3Megalania prisca, the Giant Lizard
Komodo dragons of today are not to be fucked with, reaching 10 feet in length and weighing up to 150 pounds. Also, they're quite poisonous and can very much kill you. Now take one of those things and double its size. Then make it anywhere from five to 30 times as heavy. That's the Megalania, aka the giant ripper lizard. And us modern-day humans just missed them.
What a shame; they looked playful.
As recently as 40,000 years ago, Megalania patrolled the Australian Outback, living up to its "ripper" name with little difficulty. And while anyone who knows their history laughs at the idea of humans and dinosaurs walking the Earth at the same time, your Australian ancestors experienced something pretty damned close -- it's likely the earliest human settlers in the area ran into these monsters, and then promptly ran away. As well they should have.
And unlike today's Komodo dragons, whose saliva may or may not be somewhat poisonous, Megalania were absolutely venomous, and it was potent as hell. If the soft marsupials of the time ever questioned who ruled the roost, Megalania and its toxic spit was more than happy to remind them. Again and again, if need be.
Via Wikimedia Commons
And, as shown here, they could live for tens of thousands of years without skin or internal organs.
Now remember: All of this occurred 40,000 measly years ago. As far as history is concerned, we crashed the party a mere millisecond after these gigantic fuck-yous from Mother Nature stepped out for a smoke. They were here so recently, in fact, that some people think they still exist. Those people better hope to God that they're wrong. With the seemingly infinite number of murderous creatures that Australia currently sports, do we really need a real-life poisonous Smaug making some grand return to ensure our final days on Earth are completely unpleasant?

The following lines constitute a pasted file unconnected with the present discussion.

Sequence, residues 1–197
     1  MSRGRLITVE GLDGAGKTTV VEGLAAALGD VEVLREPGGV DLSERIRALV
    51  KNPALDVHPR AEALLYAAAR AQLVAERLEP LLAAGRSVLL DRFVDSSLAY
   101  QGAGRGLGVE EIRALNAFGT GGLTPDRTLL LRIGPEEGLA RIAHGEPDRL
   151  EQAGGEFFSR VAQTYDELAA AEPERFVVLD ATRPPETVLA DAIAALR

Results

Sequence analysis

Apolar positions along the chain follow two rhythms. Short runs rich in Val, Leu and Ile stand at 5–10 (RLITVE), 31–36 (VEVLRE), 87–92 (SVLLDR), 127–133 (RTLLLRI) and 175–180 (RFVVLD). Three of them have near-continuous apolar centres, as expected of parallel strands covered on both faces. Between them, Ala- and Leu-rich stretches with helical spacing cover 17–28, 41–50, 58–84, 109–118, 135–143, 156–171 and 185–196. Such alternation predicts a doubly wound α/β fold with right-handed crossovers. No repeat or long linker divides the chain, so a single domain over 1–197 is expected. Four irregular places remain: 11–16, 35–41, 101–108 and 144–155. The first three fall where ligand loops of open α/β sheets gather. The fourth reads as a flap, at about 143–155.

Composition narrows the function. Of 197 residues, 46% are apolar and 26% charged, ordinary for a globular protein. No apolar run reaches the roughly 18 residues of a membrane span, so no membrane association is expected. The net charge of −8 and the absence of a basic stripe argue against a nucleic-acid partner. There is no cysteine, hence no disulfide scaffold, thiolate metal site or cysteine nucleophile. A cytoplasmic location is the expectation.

2Basilosaurus, the Giant Whale
Via Nobu Tamura
OK, yes -- today's whales are plenty huge. We're aware of this; we're also aware that they used to be a lot bigger. And meaner.
Via Wikimedia Commons
That's the Basilosaurus, otherwise known as the Joker's favorite fish. At over 80 feet long, it dwarfed the killer whales of today, which only average 25 feet or so in length. So yeah, you'd need three Shamus, plus your terrified, piss-stained ass, to equal the Basilosaurus in stature.
When its remains were discovered in Louisiana in 1832, it was mistakenly identified as a sea monster, and given a name that literally translates to "king of the reptiles." They forgot to tell people that this thing went extinct quite a while ago, and so local fishermen shat themselves over the thought of a gigantic monster lurking in the same waters they used to find ingredients for catfish gumbo.
They wanted 25 cents to see that thing? What a ripoff. Wasn't that like the price of a house back then?
Luckily for them, Basilosaurus doesn't exist anymore; if it did, the fishermen would be the gumbo. That jawline would make Basilosaurus a top predator in any time period. Set the time machine forward 20 million years, and it would be duking it out with Livyatan melvillei and Megalodon, no slouches themselves. Another 15 million years, and it would be chewing up Jaws like Jaws would chew up a mackerel.
Even today, it would take one look at the 100-foot, 170-ton blue whale, realize it's just a big teddy bear unless you're, say, a piece of plankton, and swim off all smug-like, knowing the delicious dishes of the sea are still available, and still all for him.
"Mmmm. After-dinner mint."